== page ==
RealPage's Greg Willett Willett says the gap is widening in virtually every metro area RealPage tracks.

RICHARDSON, TX—Across the 100 largest metro areas in the US, the asking rent gap between the top end and the bottom layer of the apartment market has widened to the point where it’s essentially doubled, RealPage Inc. chief economist Greg Willett blogged earlier this month. Specifically, Willett wrote, “the most expensive class A product now rents for $1,663 per month on average, basically double the average $850 monthly rents for the lower priced class C properties.”

The gap is even greater on both coasts, and most especially in the Northeast. Boston’s class A rentals ask an average of $3,148 per month, nearly triple the $1,1168 average for C product. It’s a little less steep in the New York City metro area, but only by a few percentage points. sounded out Willett for his insights on what’s driving the stratification, and how rent growth is likely to progress in the next year or two. We’re seeing an especially pronounced gap between class A and class C asking rents in the Northeast, although it’s wide on both coasts. What’s behind this?

Greg Willett: The biggest influence on the disparity in the Northeast is the age of the stock. A very sizable share of the stock in the Northeast came on decades ago, and logically those are going to be comparatively affordable properties compared to what you’ll find in the Sunbelt markets. There’s a difference in product, and because the Northeast market has been built out for so long, any new development is going to be on an infill or on a tear-down site, and so it’s going to be very expensive land that you’re building on. Conversely, then, when we look at the West Coast markets, even if it’s class C it’s almost certainly going to be newer product.

Willett: Yes, although not like what you’ll see in the South or in Texas, where the class C is going to be drastically newer. If you’re looking at Seattle or San Francisco, it’s going to be a little bit newer than you’ll find in a Boston or a New York. In terms of the effects on renters in any of these markets, does this gap between class A and C tend to skew their options? Or do renters in, say, New York have somewhat greater pricing power due to greater income, so that the affordability gap isn’t as wide as it may seem?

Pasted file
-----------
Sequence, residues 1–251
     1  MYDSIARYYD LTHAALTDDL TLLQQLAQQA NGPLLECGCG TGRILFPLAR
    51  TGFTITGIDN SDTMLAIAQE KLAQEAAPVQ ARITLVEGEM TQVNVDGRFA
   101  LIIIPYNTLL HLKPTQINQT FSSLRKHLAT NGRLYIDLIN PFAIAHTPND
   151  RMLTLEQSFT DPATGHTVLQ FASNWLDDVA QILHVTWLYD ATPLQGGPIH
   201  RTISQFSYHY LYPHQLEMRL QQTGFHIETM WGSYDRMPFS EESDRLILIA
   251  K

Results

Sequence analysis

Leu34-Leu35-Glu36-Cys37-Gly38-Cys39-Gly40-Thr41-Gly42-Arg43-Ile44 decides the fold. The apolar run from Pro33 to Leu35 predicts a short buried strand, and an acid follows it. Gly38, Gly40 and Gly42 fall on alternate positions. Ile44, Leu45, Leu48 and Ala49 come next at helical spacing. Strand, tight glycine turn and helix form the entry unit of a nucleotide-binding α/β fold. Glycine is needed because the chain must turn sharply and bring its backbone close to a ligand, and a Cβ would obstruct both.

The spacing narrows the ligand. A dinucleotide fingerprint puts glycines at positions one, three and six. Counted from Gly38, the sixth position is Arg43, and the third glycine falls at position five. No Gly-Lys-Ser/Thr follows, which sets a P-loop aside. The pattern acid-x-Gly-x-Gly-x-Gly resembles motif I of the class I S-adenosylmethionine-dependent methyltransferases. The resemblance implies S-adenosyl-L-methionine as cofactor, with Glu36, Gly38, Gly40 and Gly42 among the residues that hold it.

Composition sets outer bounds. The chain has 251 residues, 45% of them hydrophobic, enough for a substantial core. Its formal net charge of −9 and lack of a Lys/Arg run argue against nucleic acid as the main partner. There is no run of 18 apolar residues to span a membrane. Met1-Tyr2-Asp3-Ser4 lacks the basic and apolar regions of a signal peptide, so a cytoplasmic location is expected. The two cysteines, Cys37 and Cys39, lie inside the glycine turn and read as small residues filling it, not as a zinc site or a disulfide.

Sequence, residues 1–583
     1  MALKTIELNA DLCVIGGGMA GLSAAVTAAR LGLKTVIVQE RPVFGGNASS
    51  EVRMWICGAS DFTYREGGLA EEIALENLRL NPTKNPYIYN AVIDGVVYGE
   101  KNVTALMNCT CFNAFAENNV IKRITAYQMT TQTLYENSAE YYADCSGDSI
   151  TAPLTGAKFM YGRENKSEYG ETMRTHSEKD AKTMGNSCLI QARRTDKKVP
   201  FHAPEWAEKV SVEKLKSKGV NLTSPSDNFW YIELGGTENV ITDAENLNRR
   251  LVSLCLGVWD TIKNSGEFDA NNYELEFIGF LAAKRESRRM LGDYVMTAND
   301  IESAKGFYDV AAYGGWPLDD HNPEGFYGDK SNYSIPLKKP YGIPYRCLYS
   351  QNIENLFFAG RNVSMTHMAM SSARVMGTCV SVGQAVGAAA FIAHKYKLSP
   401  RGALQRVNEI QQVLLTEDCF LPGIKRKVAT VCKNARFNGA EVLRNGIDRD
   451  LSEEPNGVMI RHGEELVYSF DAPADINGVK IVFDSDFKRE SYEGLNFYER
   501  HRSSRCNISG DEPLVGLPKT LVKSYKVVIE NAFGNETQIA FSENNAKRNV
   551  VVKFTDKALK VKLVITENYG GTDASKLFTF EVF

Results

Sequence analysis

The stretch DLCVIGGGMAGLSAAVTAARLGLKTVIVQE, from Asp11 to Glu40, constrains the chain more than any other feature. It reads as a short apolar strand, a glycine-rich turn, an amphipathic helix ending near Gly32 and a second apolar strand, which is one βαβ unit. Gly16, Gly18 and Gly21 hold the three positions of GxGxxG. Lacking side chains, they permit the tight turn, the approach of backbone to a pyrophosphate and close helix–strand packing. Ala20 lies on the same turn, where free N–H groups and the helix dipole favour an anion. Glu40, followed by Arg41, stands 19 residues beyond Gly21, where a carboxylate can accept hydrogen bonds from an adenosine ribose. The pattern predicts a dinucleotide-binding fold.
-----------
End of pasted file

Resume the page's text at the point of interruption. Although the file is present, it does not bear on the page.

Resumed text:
Willett: Obviously when you get into these coastal markets, you tend to have higher incomes than you do in the middle of the continent. To some degree, that influences the general affordability. But at the same time, the differences in income are not as big as the differences in housing price. It’s a bigger stretch to afford the housing on the coasts, even taking into account those differences in income. As we move away from the coasts and into markets that have experienced strong rent growth, has the gap between class A and class C also been widening in recent years?

Willett: It’s fair to say that the difference has widened in virtually every metro area. It really has to do with where you build it. If you build more of the product in the urban core, and even when you’re in the suburbs if you build product that is more dense with garage parking, you inherently drive up the pricing of everything. We’re not just finding that in select metros—we’re finding that in virtually every market across the country. Do you anticipate that by 2018, the gap will begin to widen at a slower rate than we’ve seen in the past few years?

Willett: In a lot of places, we’re already getting to that point in the cycle where we’re slowing down the rent growth rate at the top end of the marketplace. That just reflects the amount of product coming on line and the more competitive leasing environment for class A communities as we increase that new supply. For the foreseeable future, that gap is probably as big as it’s going to be; we’ll probably see slower growth at the very top of the end of the market but continue to push pretty aggressively in the middle and bottom end of the market.